No way! Married people need estate plans. Some folks think that because they own assets jointly with a spouse, they don’t need an estate plan. In fact, joint ownership is called a “poor man’s estate plan.” In reality, it should just be called a “poor estate plan.” Joint tenancy ownership is riddled with perils. Likely, the most serious peril is the unintentional disinheritance of your children. Sadly, it happens too often because of joint ownership. This is what can happen when you … [Read more...] about Married People Don’t Need Estate Plans, Right?
Revocable Living Trust
If you become incapacitated at any point in your life, who will manage your finances? You may think that you know the answer to that questions, but from a legal perspective you may not. Incapacity can happen slowly as part of the natural aging process or can happen in a moment as the result of the tragic accident. Regardless of how you become incapacitated, someone will have to manage your finances. If you are married at the time you become incapacitated, your spouse may have access to some … [Read more...] about Who Will Manage Your Finances If You Become Incapacitated?
The health and safety of our clients, staff, and friends of the law firm are top of mind amid concerns about the spread of the Coronavirus (COVID-19). As estate planning and elder law attorneys, our practice is dedicated to serving our most vulnerable citizens, including seniors, those who are ill, disabled, experiencing mental health challenges and children with special needs. The uncertainty around the pandemic has many people with immune system challenges concerned about exposure to the … [Read more...] about Our Available Services During COVID-19/Coronavirus Pandemic
Before the onset of the Covid-19 pandemic, many of our clients were already assisting elderly or disabled family member and friends with such things as meals, medications, medical visits and shopping. Regular visits just to check in were also part of many folks’ normal routines. COVID-19 restrictions have had a large negative impact on many of these activities. So, how can you continue to assist under these new circumstances? Here are a few thoughts: Medical Issues Under a federal … [Read more...] about Assisting Family and Friends During These Trying Times
If you are one of the millions of Americans who has failed to create an estate plan, you are officially signed up for the government estate plan. When you fail to execute as much as a Last Will and Testament or Living Trust prior to your death, your estate will be handled according to the government’s rules and laws since you are considered to have died intestate. So how does the government estate plan work? For starters, except for the most modest estates, it is likely that everything you … [Read more...] about The Government Estate Plan for Intestacy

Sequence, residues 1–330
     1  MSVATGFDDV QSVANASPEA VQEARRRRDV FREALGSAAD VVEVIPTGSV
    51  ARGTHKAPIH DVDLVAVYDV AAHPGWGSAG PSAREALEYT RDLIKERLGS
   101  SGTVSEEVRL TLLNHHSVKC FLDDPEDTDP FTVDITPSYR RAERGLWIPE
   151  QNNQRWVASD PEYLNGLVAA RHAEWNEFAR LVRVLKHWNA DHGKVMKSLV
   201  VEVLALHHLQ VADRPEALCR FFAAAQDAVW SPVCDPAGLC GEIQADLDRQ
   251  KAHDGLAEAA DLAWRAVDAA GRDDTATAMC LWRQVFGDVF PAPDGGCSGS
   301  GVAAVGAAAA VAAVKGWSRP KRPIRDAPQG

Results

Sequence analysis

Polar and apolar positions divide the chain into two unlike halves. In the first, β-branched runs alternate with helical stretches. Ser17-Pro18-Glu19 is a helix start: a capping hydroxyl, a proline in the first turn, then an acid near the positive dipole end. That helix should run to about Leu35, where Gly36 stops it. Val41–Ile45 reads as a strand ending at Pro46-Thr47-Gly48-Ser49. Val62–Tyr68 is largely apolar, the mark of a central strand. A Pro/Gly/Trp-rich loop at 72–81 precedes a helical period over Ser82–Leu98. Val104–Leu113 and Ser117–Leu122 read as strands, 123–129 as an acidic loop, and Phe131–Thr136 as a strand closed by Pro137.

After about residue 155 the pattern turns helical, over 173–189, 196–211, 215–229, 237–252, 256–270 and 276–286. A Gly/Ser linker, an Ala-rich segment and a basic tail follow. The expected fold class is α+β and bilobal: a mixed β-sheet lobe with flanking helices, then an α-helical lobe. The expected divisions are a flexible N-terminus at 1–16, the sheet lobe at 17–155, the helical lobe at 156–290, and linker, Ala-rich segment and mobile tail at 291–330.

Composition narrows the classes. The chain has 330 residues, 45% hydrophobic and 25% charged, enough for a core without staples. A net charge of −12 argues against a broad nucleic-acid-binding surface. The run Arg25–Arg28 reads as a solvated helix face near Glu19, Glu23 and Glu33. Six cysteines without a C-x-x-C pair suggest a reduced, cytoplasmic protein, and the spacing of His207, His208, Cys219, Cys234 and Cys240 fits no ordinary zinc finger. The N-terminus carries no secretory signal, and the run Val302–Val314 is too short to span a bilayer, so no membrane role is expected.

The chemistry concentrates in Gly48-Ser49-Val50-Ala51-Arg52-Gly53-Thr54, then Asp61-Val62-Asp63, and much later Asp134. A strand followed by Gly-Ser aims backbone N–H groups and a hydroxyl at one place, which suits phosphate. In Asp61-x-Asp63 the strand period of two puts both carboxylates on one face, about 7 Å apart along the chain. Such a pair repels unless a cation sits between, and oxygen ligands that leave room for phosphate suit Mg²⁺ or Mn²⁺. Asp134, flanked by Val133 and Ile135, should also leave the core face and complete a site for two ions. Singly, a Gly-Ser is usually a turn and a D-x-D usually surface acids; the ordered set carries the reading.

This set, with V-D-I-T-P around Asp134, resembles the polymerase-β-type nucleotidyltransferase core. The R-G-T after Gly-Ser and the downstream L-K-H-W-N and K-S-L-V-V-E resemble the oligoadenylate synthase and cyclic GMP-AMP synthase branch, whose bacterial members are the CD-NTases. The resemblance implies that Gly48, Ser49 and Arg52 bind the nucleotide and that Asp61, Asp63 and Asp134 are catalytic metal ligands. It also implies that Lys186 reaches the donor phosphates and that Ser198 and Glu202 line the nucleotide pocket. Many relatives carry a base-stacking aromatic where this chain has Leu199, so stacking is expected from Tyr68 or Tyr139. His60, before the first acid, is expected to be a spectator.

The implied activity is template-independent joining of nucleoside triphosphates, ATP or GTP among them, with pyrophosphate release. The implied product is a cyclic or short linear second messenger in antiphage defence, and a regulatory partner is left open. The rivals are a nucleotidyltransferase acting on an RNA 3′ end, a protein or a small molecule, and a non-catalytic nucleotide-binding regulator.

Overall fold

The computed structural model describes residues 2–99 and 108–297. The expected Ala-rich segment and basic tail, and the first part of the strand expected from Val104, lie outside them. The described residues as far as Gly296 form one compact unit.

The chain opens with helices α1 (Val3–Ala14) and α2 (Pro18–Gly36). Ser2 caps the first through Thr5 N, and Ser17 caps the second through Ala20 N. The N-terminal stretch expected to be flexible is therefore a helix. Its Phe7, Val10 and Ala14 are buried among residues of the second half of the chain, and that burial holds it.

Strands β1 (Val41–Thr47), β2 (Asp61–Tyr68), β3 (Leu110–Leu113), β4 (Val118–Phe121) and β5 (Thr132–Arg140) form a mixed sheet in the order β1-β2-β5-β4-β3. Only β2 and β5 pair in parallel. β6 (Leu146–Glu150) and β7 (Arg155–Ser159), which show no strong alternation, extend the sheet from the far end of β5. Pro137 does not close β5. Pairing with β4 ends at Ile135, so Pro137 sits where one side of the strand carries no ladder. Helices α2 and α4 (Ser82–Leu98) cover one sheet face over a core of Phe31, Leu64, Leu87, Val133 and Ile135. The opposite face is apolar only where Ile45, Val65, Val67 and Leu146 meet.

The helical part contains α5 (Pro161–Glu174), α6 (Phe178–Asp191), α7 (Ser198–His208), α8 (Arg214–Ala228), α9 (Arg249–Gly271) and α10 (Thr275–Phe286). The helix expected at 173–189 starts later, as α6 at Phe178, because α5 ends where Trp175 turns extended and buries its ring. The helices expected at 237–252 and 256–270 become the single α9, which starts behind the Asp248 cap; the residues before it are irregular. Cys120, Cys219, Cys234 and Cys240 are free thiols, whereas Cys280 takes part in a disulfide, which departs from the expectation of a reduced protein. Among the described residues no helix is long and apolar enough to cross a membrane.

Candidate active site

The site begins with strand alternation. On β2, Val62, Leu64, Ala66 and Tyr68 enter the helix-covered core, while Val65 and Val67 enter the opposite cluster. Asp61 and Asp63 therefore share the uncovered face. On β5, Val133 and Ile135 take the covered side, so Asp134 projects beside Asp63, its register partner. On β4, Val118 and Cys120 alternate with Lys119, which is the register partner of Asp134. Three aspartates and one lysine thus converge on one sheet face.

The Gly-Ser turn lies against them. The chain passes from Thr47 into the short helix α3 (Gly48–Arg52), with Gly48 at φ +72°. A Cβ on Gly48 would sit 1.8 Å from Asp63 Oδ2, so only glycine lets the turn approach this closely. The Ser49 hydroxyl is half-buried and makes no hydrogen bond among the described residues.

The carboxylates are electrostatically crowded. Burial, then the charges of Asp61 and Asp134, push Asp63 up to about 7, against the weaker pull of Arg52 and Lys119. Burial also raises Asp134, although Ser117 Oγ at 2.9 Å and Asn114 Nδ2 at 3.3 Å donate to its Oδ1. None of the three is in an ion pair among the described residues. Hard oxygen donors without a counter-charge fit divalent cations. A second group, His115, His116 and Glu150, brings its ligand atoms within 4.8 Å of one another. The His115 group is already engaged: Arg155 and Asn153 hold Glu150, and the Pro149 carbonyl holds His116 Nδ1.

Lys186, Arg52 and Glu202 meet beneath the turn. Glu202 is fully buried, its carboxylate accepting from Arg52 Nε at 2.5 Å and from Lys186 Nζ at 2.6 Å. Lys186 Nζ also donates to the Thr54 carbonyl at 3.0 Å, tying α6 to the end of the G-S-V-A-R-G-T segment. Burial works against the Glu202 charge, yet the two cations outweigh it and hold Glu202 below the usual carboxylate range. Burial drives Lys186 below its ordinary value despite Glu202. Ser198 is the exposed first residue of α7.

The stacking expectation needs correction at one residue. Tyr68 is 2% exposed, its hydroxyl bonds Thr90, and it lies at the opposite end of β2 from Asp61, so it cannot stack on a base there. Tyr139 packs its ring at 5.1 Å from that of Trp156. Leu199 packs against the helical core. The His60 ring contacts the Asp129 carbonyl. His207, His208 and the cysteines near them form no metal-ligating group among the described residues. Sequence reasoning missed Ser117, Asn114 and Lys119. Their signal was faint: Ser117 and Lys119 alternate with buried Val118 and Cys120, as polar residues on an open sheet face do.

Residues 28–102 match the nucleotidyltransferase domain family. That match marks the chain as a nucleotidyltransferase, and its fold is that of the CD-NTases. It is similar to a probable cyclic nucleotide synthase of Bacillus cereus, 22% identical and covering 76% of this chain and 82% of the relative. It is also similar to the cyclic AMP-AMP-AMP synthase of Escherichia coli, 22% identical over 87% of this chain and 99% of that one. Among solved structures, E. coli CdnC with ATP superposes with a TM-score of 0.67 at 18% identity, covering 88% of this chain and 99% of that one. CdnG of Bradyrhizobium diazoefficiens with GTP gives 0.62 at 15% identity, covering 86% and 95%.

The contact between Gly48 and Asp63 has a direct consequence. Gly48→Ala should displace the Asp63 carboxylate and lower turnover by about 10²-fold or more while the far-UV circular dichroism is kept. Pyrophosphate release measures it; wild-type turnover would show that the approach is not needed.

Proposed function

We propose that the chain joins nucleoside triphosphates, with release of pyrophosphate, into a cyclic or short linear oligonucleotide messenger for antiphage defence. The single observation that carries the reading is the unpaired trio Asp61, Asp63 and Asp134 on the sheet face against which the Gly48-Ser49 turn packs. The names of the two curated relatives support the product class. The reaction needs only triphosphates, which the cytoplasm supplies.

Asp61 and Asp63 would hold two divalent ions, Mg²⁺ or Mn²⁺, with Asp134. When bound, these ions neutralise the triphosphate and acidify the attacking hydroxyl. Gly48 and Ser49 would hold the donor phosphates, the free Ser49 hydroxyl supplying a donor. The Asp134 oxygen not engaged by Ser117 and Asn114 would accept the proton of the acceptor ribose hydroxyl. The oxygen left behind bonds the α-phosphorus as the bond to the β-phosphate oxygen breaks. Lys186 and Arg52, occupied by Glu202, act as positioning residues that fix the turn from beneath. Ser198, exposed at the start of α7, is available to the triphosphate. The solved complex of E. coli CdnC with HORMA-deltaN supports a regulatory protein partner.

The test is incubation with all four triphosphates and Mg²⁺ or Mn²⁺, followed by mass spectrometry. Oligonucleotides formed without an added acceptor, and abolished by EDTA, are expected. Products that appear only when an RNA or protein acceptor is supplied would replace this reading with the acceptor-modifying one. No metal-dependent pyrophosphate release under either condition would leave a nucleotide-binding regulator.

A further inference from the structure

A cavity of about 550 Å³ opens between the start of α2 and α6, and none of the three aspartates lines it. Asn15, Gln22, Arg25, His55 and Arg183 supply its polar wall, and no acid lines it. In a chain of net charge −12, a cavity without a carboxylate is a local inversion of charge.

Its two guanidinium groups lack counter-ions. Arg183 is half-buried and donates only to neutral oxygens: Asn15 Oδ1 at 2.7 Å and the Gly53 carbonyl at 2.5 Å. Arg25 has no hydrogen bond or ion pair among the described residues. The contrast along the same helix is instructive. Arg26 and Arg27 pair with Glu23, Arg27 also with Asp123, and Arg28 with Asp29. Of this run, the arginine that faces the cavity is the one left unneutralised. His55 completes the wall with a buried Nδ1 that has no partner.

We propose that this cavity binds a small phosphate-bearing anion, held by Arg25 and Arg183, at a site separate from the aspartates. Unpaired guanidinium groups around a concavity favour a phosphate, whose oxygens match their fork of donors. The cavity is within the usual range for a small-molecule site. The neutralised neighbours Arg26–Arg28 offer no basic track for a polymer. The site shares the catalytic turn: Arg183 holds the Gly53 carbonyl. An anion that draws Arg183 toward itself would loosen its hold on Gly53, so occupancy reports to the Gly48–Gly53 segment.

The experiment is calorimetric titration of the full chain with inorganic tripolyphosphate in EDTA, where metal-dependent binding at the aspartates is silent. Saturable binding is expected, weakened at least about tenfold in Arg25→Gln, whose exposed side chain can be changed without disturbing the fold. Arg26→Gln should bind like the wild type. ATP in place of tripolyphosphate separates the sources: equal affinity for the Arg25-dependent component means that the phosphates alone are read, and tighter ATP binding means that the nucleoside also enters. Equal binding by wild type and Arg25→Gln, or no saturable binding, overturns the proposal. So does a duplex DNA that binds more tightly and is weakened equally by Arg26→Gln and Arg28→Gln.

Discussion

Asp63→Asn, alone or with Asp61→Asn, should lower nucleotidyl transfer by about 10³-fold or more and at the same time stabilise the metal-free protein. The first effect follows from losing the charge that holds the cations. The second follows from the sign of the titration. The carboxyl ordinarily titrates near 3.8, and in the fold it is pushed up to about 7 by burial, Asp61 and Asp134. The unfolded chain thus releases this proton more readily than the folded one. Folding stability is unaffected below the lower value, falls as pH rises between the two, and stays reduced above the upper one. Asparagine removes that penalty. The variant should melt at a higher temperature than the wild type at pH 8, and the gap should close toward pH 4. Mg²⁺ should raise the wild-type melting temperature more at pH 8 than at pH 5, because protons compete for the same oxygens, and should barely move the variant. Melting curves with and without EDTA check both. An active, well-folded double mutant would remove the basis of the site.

If you are working on an incapacity plan, you may wish to consider the use of a revocable living trust. Like its counterpart, the irrevocable living trust, a revocable living trust takes effect during your lifetime. Although a revocable living trust does not offer the same asset protection or estate tax benefits as certain irrevocable trusts, it does allow you the benefit of being able to make changes to the trust. A revocable living trust can also be an extremely attractive incapacity planning … [Read more...] about Living Trusts and Incapacity Planning
We are happy to report that, despite the COVID-19 pandemic, we are still able to deliver quality legal services and to serve our community with their legal needs. We also are doing our part to slow the spread of COVID-19 by wearing facial coverings, disinfecting our office, providing hand sanitizer to all visitors, practicing social distancing, and offering telephonic and video conferencing options. While we navigate our way through this unprecedented era, we will be operating with the above … [Read more...] about Important Notice Regarding COVID-19
Occasionally, a client will ask, “Do I really need all of these estate planning documents?” Usually, it’s rhetorical questions and a joke about trees, but we answer the question anyway. After all, estate planning attorneys like trees. The estate planning documents that your attorney will recommend will be based upon your concerns, finances, goals, and the law. The consequences of not having these documents are often harsh. While you may need advanced estate planning, the typical basic … [Read more...] about Are All of these Estate Planning Documents Necessary?
In previous newsletters, we have discussed both so-called “529 accounts”, which are a type of tax-efficient education savings accounts and ABLE accounts, which are a relatively new type of account that can be established to provide additional resources for persons receiving Supplemental Security Income (SSI) benefits. While each account is for a different purpose, they do share some similar features. Due to a recent law change, it is now possible to make limited transfers from existing 529 … [Read more...] about Interaction between Education Savings (“529”) Accounts and ABLE Accounts
Dying without a will or trust is called dying “intestate;” and, the intestacy laws of your state of residence, at your death, will determine who inherits from you and in what percentages. If you die with a well constructed and comprehensive will or trust plan, you get to decide who benefits from your estate. Typically, state intestacy laws don’t match decedents’ wishes. Furthermore, if you die with assets in more than one state, especially real estate, your assets would be subject to two … [Read more...] about What Happens When Someone Dies Without a Will or Trust?